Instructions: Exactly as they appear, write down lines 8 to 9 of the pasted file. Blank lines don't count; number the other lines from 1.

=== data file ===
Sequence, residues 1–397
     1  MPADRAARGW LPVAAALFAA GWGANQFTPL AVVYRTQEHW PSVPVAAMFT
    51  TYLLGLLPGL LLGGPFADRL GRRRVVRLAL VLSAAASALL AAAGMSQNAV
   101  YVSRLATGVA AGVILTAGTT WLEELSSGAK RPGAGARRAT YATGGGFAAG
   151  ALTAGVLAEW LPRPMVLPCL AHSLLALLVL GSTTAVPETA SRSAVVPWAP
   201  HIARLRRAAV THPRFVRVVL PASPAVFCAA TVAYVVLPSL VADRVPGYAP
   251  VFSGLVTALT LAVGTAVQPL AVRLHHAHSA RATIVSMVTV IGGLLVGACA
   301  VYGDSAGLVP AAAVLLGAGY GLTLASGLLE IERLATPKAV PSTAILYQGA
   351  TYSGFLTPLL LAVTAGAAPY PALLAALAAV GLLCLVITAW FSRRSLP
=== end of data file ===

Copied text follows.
   301  VYGDSAGLVP AAAVLLGAGY GLTLASGLLE IERLATPKAV PSTAILYQGA
   351  TYSGFLTPLL LAVTAGAAPY PALLAALAAV GLLCLVITAW FSRRSLP